It’s a busy week this week, so you’ll have to do without a fancy intro…
Alex Pedicini: For the Phillies I would roll out Cole Hamels, J.A. Happ, Pedro Martinez, and Joe Blanton. The Yankees rotation might look something like A.J. Burnett, Andy Pettitte, Joba Chamberlain and Chad Gaudin.
Jeremy Greenhouse: Well the Yankees have been rolling with Pettitte and Burnett, while the Phillies have used Hamels, Happ, Pedro, and Blanton. So that leaves two spots to fill in for the Yanks and none for the Phils. The obvious choices for the Yanks are Joba Chamberlain and Chad Gaudin. Those are also really the only choices. I have to think this trade-off would favor the Phillies.
Pat Andriola: Yankees: Burnett, Andy Pettite, Chad Gaudin, Phil Hughes
Phillies: Hamels, Martinez, Blanton, Happ
Dan Novick: Phil Hughes isn’t stretched out enough to be a starter, he’d only be able to go around three innings or ~50 pitches before tiring out. The Yankees would have to fill that empty spot with Gaudin for as many innings as he can, with Aceves as his caddy. They did this at the end of the season and it worked out. If I were making the Phillies rotation, it would include Hamels, Blanton, Happ, and Pedro. Though with the way Pedro’s been pitching, I might just have to start him game one.
Question #2: So far, Joe Girardi has been heavily playing the matchups with his bullpen. It worked well until he replaced David Robertson with Alfredo Aceves with two outs in the 11th inning of game 3. Will over-managing the bullpen come back to bite the Yankees again in the future?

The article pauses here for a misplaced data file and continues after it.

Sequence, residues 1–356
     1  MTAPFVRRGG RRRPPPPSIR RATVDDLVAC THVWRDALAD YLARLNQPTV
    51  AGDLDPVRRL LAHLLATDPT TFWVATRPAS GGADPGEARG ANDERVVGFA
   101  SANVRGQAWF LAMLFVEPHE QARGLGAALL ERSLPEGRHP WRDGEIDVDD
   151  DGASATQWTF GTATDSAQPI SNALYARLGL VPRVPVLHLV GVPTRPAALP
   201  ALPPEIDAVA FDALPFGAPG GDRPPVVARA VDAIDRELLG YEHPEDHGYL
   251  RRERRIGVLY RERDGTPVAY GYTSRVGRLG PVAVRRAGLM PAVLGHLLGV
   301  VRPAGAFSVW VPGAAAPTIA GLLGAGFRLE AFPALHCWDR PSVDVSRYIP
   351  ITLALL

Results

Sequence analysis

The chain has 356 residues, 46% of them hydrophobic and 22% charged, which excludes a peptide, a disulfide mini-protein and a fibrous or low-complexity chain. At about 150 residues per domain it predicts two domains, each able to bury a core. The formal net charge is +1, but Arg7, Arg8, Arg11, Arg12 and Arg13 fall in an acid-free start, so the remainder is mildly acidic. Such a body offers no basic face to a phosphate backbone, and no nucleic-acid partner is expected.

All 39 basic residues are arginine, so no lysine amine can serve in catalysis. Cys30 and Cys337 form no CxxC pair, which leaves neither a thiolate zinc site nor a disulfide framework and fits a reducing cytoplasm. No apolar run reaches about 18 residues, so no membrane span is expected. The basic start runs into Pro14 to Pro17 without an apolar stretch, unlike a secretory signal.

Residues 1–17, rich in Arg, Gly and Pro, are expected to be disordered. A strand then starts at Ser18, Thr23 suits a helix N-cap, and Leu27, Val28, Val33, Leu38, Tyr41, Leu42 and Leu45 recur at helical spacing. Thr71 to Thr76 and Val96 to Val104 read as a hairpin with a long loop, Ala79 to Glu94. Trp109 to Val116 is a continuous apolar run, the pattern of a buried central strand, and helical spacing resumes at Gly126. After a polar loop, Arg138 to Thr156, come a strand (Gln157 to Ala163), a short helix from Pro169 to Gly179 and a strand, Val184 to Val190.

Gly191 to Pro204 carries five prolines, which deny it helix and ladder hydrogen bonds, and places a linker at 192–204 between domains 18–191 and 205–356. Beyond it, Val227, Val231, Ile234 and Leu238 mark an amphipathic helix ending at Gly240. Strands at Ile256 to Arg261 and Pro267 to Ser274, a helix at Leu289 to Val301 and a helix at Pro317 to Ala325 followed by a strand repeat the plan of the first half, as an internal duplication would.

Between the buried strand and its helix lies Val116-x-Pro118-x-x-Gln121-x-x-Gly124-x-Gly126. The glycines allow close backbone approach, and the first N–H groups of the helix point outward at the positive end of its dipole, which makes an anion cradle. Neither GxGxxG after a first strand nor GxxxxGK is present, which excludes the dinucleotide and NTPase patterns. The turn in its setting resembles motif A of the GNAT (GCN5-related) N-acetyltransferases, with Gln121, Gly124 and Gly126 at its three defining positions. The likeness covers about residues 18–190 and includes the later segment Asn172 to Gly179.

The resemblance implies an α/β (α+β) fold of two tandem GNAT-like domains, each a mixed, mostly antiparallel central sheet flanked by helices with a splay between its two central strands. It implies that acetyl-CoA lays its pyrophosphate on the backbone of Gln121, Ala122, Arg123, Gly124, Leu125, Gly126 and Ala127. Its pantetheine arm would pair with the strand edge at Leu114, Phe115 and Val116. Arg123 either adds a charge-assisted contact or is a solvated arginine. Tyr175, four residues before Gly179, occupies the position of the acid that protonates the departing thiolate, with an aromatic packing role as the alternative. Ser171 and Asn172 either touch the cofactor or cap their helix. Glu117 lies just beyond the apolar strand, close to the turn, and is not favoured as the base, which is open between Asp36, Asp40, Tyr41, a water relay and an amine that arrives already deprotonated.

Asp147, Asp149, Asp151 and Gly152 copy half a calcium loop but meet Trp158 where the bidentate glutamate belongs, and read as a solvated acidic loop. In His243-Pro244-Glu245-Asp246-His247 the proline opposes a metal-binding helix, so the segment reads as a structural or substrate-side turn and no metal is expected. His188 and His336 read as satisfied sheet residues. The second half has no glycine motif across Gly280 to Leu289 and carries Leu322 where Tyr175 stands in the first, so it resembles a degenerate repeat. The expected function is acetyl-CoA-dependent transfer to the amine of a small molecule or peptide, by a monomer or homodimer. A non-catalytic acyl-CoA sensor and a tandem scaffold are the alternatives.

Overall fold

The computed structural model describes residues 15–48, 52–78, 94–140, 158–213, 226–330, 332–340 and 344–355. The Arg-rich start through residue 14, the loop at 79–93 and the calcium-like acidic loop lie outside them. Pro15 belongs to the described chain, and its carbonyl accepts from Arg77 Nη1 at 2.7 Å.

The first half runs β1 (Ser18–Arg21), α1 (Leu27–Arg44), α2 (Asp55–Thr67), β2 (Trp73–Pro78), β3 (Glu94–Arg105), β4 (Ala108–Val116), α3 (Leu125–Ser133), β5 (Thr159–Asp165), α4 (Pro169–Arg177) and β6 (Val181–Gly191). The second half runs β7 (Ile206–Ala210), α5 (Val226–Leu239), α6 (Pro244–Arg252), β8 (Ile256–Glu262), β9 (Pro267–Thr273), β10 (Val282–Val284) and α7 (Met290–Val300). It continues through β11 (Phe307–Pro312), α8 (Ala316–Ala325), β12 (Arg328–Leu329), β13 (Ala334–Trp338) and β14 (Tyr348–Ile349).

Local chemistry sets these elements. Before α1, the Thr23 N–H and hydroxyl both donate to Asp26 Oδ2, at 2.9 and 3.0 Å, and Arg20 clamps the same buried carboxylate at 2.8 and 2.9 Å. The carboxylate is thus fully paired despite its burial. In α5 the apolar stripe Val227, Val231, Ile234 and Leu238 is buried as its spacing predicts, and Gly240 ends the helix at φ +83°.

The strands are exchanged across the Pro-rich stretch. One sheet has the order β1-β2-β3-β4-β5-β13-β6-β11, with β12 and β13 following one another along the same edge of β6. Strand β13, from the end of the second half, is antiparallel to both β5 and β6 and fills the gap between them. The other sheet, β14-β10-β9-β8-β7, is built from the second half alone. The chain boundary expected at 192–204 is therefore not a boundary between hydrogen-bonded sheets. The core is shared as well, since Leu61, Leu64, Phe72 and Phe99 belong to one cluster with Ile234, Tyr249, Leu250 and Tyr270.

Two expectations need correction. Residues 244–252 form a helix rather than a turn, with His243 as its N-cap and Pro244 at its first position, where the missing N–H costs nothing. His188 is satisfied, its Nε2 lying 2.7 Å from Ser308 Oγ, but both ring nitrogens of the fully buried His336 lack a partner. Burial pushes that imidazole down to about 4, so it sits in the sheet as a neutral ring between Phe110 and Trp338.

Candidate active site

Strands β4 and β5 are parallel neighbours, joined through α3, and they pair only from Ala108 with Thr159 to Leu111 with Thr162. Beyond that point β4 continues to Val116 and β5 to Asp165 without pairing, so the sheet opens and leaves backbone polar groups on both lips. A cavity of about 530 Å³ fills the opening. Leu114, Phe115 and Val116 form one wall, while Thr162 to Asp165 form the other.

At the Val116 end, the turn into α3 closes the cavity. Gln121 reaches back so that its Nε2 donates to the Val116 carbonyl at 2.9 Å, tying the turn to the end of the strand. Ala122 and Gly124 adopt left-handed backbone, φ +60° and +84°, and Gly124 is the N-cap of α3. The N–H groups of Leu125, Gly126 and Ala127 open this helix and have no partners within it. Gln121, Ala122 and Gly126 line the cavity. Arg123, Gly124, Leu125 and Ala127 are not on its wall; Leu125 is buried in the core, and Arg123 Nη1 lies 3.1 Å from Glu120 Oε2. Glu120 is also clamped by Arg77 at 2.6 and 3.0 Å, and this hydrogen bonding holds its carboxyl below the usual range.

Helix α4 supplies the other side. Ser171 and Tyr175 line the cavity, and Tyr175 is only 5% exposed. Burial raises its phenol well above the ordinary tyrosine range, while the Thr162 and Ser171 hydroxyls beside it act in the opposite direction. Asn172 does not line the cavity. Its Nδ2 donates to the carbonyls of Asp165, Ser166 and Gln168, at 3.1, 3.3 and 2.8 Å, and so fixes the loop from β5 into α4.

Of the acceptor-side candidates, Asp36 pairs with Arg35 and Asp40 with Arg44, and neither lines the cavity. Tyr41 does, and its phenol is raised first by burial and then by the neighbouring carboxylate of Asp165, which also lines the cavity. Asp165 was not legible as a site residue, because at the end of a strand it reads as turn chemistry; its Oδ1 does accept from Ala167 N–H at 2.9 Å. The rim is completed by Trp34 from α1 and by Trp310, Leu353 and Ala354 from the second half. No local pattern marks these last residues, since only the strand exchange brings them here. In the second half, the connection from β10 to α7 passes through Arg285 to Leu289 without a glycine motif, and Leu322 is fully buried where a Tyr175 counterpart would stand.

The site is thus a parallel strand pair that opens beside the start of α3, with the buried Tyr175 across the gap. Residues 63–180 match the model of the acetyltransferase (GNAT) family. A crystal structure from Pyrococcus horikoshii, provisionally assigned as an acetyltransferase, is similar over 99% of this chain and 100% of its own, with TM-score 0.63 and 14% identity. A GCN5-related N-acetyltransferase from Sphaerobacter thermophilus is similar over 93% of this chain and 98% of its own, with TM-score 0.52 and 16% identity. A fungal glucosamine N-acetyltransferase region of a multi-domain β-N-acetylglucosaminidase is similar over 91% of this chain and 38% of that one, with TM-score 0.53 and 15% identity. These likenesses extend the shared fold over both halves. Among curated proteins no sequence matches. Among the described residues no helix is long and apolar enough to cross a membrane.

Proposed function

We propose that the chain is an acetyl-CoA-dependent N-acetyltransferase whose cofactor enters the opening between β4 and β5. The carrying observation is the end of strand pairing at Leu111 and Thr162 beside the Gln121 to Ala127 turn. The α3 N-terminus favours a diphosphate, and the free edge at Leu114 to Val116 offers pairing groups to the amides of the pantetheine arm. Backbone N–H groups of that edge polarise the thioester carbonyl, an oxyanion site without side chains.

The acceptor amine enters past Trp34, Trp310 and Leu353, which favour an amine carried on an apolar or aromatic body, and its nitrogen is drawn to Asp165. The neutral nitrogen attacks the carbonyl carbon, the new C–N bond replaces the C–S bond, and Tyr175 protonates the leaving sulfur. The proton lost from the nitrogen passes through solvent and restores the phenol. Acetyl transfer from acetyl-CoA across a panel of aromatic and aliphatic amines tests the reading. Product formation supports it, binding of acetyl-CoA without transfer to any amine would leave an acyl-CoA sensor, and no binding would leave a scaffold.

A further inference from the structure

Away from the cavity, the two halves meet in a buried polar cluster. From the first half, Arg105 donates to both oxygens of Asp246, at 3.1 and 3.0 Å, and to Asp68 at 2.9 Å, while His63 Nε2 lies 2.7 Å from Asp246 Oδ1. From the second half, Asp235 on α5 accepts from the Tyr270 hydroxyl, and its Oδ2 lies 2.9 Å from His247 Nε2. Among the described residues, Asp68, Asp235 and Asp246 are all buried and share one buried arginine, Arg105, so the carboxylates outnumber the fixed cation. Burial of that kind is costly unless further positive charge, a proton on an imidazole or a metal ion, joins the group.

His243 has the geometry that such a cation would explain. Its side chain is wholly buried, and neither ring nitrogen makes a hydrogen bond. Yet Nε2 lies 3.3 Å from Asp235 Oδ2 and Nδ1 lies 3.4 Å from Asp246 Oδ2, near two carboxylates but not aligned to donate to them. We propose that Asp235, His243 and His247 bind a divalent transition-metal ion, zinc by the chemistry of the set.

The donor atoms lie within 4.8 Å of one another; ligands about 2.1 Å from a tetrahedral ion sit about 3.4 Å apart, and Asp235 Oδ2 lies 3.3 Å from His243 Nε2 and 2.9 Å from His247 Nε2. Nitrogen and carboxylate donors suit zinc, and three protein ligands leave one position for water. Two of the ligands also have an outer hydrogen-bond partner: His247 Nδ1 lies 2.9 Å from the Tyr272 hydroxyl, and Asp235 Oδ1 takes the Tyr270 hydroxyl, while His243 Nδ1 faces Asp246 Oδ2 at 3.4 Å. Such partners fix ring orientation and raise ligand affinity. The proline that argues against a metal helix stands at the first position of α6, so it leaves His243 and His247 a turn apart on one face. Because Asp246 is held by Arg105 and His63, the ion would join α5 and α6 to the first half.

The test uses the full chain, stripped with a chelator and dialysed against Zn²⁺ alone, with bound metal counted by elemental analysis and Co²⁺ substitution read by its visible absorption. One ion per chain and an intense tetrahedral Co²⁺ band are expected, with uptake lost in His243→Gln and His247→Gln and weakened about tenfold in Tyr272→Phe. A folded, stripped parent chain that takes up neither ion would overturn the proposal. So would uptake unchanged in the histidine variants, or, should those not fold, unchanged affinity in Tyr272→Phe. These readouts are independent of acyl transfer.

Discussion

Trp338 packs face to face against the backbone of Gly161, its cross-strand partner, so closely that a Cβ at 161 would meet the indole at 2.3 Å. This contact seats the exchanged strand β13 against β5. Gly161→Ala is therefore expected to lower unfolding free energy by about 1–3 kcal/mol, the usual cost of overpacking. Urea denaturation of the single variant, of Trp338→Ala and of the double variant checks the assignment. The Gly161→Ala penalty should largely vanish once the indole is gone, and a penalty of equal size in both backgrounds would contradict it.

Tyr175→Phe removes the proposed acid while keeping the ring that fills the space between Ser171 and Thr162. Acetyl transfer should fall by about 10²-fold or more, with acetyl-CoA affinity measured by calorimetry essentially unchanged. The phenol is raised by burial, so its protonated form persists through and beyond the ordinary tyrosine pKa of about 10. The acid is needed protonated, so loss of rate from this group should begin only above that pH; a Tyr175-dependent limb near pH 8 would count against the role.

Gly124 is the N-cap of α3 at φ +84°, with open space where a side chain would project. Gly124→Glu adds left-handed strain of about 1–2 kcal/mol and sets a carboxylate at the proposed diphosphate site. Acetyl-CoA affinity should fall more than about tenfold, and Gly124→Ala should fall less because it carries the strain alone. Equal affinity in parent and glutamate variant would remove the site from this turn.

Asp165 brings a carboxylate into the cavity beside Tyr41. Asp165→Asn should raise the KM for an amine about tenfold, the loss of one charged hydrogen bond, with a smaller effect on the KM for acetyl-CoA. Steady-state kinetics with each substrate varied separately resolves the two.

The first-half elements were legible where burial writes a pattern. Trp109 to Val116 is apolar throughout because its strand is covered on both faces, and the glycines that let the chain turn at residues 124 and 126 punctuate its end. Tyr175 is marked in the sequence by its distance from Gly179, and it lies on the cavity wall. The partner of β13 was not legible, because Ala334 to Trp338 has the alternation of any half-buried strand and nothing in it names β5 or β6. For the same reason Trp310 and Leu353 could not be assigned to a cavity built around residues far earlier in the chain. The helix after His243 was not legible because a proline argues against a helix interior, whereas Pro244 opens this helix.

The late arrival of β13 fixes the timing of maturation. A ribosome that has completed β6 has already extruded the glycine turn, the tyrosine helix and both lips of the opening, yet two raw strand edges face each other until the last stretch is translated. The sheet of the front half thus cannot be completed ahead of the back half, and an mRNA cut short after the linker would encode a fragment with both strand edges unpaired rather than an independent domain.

Alex Pedicini: I don’t think over-managing will come back to haunt Girardi and the Yankees. While it certainly hurt in the game three loss, I think the bullpen is deep enough that Girardi should not have any problems managing them down the stretch.
Jeremy Greenhouse: I strongly disagree with the premise that Girardi has been over-managing the bullpen. In 22 innings, the Yankee bullpen has 21 strikeouts to six unintentional walks and has allowed four runs. Pretty good numbers. In fact, I think he’s been too slow to pull the trigger a couple times. The Robertson/Ace move was questionable, but to be fair, Ace induced a grounder that would’ve been an out if it had been redirected a foot in any direction. Anyway, the Yankees have quite easily the best team in baseball, so I don’t think anything is going to stop them from winning the World Series.
Pat Andriola: I’ll skip the premises and go straight to answering the question: no, it won’t bite the Yankees, because I think Girardi has used the bullpen pretty damn well so far, and to appease Jeremy, I’ll go ahead and admit that I think the Yankees are going to steamroll the World Series and take it home (lord help me).
Question #3: We have already seen several questionable decisions by managers this post-season. Do managers tend to over-manage in the playoffs or are their mistakes just magnified in the post-season?
Alex Pedicini: The easy answer is to say that the mistakes are simply magnified by the large stage of the playoffs. However, I do think that some managers may over-think themselves and the results can be disastrous. I immediately turn to Terry Francona‘s decision to walk Torii Hunter and face Vlad Guerrero. Now in the regular season Boston was 25th in the league in intentional walks issued with 24. Clearly they don’t use this strategy often yet Francona went ahead with it and wound up being a terrible decision in hind sight.